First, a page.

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Bias at Work: Three Steps To Minimizing Bias In Performance Reviews

Feb 8, 2018 7 min readOpen
Photo of Courtney Seiter
Courtney Seiter

Former Director of People @ Buffer

Bias creeps into almost every area of our lives and decision-making, whether we know it or not.

It’s not that we’re bad people, determined to pre-judge others. Rather, it’s our brains taking shortcuts that have been created over centuries. That makes it pretty tricky to undo effectively, but there are ways.

When I last talked about performance reviews at Buffer here on the blog, I shared that one practice we’ve tried during the review process is to share an information sheet on minimizing bias with teammates before they write their reviews.

I’d love to dive deeper into the topic of minimizing bias in performance reviews in this post, and pass those resources – and all of the lessons we’ve learned so far – on to you.

Why it’s important to address bias in performance reviews

But first, a quick look at why this matters.

A study by Kieran Snyder looked at 248 reviews across 28 companies, and found that while 59% of the reviews received by men contained critical feedback, 88% of reviews received by women did. Many were critical of women’s personalities and tone in particular as compared to me.

Data also demonstrates that black workers receive extra scrutiny from bosses, which can lead to worse performance reviews, lower wages, and even job loss.

Disabled people, gender non-conforming people, LGBTQ folks and more are also vulnerable to harmful bias.

According to the Level Playing Field Institute’s incredible Corporate Leavers Survey:

  • People of color are three times more likely to leave a job because of workplace unfairness
  • LGBTQ professionals leave almost twice as often because of workplace unfairness.
  • 27% of those who experienced unfairness at work said their experience strongly discouraged them from recommending their employer to other potential employees.
  • Unfairness at work costs U.S. employers $64 billion on an annual basis.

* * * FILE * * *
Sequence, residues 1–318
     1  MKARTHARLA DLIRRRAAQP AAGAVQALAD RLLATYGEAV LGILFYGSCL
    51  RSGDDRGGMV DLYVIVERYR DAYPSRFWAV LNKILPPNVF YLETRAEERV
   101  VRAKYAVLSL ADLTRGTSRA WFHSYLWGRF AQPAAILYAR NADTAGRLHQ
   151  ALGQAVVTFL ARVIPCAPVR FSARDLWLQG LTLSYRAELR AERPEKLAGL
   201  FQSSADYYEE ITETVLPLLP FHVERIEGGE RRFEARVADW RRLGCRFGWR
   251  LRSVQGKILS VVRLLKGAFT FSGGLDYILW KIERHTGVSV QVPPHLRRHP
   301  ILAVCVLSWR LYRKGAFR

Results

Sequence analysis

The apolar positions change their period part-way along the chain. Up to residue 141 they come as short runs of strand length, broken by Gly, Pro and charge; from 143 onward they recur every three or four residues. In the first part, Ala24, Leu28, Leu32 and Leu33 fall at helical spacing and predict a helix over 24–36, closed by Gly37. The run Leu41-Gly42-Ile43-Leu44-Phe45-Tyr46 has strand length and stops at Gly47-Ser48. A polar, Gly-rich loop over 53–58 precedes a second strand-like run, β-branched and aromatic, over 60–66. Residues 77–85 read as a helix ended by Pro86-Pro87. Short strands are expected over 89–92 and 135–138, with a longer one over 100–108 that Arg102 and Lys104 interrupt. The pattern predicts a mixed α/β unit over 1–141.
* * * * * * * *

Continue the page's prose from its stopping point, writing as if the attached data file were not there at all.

Unfairness erodes trust and company culture. It damages your company and brand. It leaves vulnerable your very best resource – your people.

Fixing performance reviews won’t magically change these dismal numbers overnight. But it’s an important step toward building a culture of mutual respect, inclusivity, and psychological safety for all. So how to take that step?

Step 1: Build awareness of bias

The first step for us at Buffer was to help everyone on the team understand that bias exists, and to build a common vocabulary to talk about it.

On one of our in-person team retreats, we took part in an afternoon of unconscious bias training with the consulting firm Paradigm (thanks, Natalie!) This introduction to bias opened up a lot of great conversations that have been ongoing ever since.

If your company doesn’t have the resources to bring in an external facilitator, you can try a “train-the-trainers” program that will allow someone on your team to take back the knowledge and skills to present to your whole company.

After your team is familiar with these broad concepts, keep the conversation going. At Buffer, we have a very active diversity and inclusion Slack channel. It’s a place where we share resources and ask questions about everything from the term “housekeeping” to what the composition of a speaker panel should look like in order for us to feel comfortable taking part.

We also created important team-wide reference documents, including a Buffer code of conduct and a workplace harassment policy, so there’s a common understanding of what types of behavior are expected and what types won’t be tolerated.

Step 2: Evaluate your review tools and process

Buffer took a bit of an unorthodox path from no reviews to some, sporadic reviews to 360 reviews which involved full-team training and understanding of these concepts.

We’ve learned that a regular, consistent review cadence is best, as feedback-on-the-fly creates conditions for bias to flourish.

If you are already on a regular review cadence or are considering beginning one, an important step is to evaluate your review process, questions and tools to unearth bias opportunities.


Does your process:

  • Begin with clear, specific performance criteria directly related to job requirements?
  • Use a consistent review system across your team (or minimally, across an entire area)?
  • Ask for specific evidence and examples from the evaluation period?
  • Separate personality from skill set?
  • Evaluate performance evaluations across the team for consistency?
  • Work with managers whose reviews don’t provide specific examples or show signs of bias?